De­spite growth, On­tario gam­ing sec­tor faces bar­ri­ers

The Peterborough Examiner - - BUSINESS - CHAD SAPIEHA FI­NAN­CIAL POST

TORONTO — De­spite On­tario’s rep­u­ta­tion for of­fer­ing lu­cra­tive tax in­cen­tives to at­tract tech com­pa­nies — the prov­ince lured ma­jor video game devel­oper Ubisoft to open a large stu­dio in Toronto in 2009 — some qual­i­fy­ing busi­nesses are find­ing it dif­fi­cult to gain ac­cess to funds, a new re­port says.

This find­ing comes from a re­port re­leased Wed­nes­day and com­mis­sioned by the non-profit trade as­so­ci­a­tion In­ter­ac­tive On­tario, a group aimed at grow­ing the in­ter­ac­tive dig­i­tal me­dia (IDM) in­dus­try in Canada’s most pop­u­lous prov­ince.

IDM com­pa­nies aren’t just game com­pa­nies. They also in­clude app de­vel­op­ers, dig­i­tal ad firms, and e-learn­ing creators, among oth­ers. But, ac­cord­ing to the re­port, game mak­ers con­sti­tute the big­gest chunk: Two-thirds of IDM com­pa­nies re­ported that they pro­duced video games.

The sheer size of the in­dus­try in On­tario might sur­prise some. Ac­cord­ing to the re­port, there are 877 IDM com­pa­nies lo­cated in On­tario di­rectly em­ploy­ing nearly 11,000 highly ed­u­cated, full-time equiv­a­lent work­ers, with sig­nif­i­cant hubs of ac­tiv­ity in Toronto, Ot­tawa, and Lon­don. These com­pa­nies — vir­tu­ally all of which are pri­vately held and Cana­di­anowned — gen­er­ated a com­bined to­tal of $1.3 bil­lion in rev­enue in 2015, 25 per cent of which was tal­lied as profit. What’s more, the 100-plus com­pa­nies sur­veyed for In­ter­ac­tive On­tario’s study re­ported an ex­pected com­bined rev­enue in­crease of more than 60 per cent over the next year.

But de­spite the sec­tor’s rapid ex­pan­sion, some IDM com­pa­nies are still butting up against ob­sta­cles.

Asked to rank po­ten­tial bar­ri­ers to their growth, IDM com­pa­nies re­ported that the great­est hur­dle is get­ting ac­cess to pub­lic fund­ing, such as grants and tax cred­its. Re­spon­dents noted a va­ri­ety of rea­sons, in­clud­ing that gov­ern­ment pro­grams are of­ten com­plex and that they have dif­fi­culty meet­ing the re­port­ing re­quire­ments, that more so­phis­ti­cated projects aren’t nec­es­sar­ily el­i­gi­ble for some pro­grams, and that in­de­pen­dent stu­dios some­times don’t meet min­i­mum rev­enue thresh­olds.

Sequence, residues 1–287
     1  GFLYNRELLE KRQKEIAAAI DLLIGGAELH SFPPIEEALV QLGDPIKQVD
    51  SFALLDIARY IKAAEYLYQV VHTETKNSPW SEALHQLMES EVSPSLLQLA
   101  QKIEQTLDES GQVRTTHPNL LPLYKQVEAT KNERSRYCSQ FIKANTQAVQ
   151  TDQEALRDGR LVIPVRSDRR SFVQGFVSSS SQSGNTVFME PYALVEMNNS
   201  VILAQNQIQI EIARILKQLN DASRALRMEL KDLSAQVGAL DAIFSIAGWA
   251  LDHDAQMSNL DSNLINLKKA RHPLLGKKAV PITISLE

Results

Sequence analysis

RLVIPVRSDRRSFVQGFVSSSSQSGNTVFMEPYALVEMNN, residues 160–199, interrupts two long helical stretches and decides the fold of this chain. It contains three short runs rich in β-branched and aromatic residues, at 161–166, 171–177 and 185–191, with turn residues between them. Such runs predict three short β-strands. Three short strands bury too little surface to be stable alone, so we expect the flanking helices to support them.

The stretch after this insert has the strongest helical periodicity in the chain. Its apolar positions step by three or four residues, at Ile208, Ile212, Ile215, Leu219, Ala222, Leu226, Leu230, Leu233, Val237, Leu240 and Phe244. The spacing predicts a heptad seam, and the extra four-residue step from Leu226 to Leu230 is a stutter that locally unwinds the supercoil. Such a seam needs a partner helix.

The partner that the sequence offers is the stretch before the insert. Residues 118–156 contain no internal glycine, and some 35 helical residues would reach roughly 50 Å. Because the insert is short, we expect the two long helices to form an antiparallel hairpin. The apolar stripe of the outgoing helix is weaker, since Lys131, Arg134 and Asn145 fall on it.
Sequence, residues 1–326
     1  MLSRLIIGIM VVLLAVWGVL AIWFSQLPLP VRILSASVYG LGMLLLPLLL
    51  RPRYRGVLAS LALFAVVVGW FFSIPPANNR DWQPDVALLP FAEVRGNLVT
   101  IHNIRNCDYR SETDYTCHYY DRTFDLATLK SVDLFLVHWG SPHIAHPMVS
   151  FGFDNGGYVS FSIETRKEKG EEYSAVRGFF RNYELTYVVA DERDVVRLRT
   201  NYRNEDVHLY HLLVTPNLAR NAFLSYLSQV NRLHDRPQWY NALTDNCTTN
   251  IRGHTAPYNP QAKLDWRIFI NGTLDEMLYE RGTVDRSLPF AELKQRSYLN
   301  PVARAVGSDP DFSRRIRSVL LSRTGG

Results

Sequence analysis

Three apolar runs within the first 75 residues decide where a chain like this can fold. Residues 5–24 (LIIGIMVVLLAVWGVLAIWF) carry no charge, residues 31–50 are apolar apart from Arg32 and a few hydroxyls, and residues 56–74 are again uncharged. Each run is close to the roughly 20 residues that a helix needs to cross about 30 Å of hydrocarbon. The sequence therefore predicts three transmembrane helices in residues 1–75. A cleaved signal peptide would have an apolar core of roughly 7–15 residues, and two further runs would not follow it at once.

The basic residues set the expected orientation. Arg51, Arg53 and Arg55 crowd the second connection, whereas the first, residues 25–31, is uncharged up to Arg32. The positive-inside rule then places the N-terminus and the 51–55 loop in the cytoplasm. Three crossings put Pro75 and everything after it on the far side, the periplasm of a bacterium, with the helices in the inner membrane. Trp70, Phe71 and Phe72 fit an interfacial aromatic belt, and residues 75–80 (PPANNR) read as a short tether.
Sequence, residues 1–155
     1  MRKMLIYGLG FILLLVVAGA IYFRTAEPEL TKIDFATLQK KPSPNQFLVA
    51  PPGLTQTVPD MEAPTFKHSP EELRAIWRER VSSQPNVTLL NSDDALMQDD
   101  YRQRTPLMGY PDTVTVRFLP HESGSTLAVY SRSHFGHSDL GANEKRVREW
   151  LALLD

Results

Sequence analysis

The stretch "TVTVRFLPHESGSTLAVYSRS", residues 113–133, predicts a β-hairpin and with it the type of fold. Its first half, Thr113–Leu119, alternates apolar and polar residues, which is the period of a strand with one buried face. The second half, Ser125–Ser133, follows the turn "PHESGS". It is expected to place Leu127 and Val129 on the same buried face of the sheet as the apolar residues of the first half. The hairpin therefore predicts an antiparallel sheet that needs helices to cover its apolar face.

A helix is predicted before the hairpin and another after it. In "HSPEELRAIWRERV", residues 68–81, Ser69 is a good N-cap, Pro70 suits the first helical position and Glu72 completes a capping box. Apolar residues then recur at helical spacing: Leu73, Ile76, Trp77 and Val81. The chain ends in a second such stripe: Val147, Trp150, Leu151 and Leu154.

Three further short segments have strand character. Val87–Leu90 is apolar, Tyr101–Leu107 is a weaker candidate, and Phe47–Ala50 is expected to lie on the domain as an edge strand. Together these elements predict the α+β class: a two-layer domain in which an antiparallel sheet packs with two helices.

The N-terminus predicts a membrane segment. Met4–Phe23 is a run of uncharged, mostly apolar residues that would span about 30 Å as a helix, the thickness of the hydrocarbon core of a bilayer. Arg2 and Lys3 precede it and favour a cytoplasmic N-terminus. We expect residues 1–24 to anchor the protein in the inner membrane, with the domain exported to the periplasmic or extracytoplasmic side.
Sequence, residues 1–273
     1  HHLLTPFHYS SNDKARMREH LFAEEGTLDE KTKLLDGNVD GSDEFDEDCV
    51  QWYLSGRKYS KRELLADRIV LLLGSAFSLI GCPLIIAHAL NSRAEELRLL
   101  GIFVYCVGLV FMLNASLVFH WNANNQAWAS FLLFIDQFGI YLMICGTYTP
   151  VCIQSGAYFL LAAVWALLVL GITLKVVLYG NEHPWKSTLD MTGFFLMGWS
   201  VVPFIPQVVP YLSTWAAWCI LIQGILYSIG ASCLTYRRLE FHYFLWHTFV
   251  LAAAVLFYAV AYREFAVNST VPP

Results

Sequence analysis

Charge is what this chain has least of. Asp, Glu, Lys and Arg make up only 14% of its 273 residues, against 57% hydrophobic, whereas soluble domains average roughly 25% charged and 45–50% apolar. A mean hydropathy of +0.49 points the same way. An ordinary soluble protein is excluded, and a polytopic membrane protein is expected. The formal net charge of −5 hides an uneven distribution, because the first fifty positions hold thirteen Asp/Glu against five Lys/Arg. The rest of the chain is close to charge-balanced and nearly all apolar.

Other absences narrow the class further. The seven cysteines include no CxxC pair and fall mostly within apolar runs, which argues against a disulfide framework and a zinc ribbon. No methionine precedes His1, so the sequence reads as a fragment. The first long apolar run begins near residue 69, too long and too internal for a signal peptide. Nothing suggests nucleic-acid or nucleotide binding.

That said, In­ter­ac­tive On­tario ex­ec­u­tive di­rec­tor Christa Dick­en­son be­lieves that plenty of other IDM com­pa­nies do ben­e­fit from gov­ern­ment pro­grams.

“Many com­pa­nies we sur­veyed were able to ac­cess rel­e­vant pub­lic grants and tax cred­its, but of­ten found bar­ri­ers to re­ceiv­ing fi­nanc­ing from ven­ture cap­i­tal­ists and other pri­vate in­vestors, who are of­ten un­will­ing to in­vest in dig­i­tal con­tent. We work to bring the two sides to­gether in the hope of nur­tur­ing fu­ture part­ner­ships.”

She did ad­mit, how­ever, that some smaller stu­dios strug­gle to get into gov­ern­ment pro­grams.

“We do rec­og­nize that pub­lic fund­ing ap­pli­ca­tions can be in­tim­i­dat­ing for startup stu­dios, which is why we fre­quently host ses­sions de­signed to help com­pa­nies un­der­stand the process and meet fund­ing rep­re­sen­ta­tives.”

Some com­pa­nies are also hav­ing a hard time find­ing ex­pe­ri­enced tal­ent within the prov­ince. How­ever, it sounds like these busi­nesses could po­ten­tially find the peo­ple they need by look­ing be­yond On­tario: The re­port found that nearly 90 per cent of IDM em­ploy­ees in On­tario are hired from within Canada.

Other sig­nif­i­cant chal­lenges noted by the com­pa­nies sur­veyed seem to go hand-in-hand with work­ing in a high-tech space. For ex­am­ple, some com­pa­nies ref­er­enced the in­dus­try’s ten­dency to ex­pe­ri­ence sig­nif­i­cant dis­rup­tion via the in­tro­duc­tion of new and ex­pen­sive tech­nolo­gies, which have po­ten­tial to play havoc with strate­gic plan­ning and bud­gets.

And game stu­dios re­ported that their of­ten long devel­op­ment cy­cles can re­sult in prod­ucts that are less rel­e­vant when re­leased than they might have been when the project was ini­ti­ated. In other words, if you start mak­ing a game you’re rel­a­tively sure ev­ery­one will want to play to­day, changes in tech­nol­ogy, trends, and tastes means there’s no guar­an­tee it will re­main as at­trac­tive when it launches two or three years later.

The re­port also re­veals in­ter­est­ing in­for­ma­tion about the IDM work­force.

Nearly 90 per cent of work­ers are un­der 40. Only 11 per cent are in their 40s, and less than 1 per cent are in their 50s or older. Re­tain­ing older work­ers likely isn’t a re­mu­ner­a­tion prob­lem; salaried IDM em­ploy­ees with more than six years of ex­pe­ri­ence make a healthy $89,000 per year, on av­er­age. In­stead, the re­sults may lend cre­dence to re­ports in re­cent years that sug­gest ageism in tech­fo­cused pro­fes­sions such as game de­sign.


A shot of the Ubisoft of­fices in Toronto. The gam­ing com­pany was lured to On­tario in 2009 but other tech com­pa­nies are find­ing it hard to set-up shop in On­tario.

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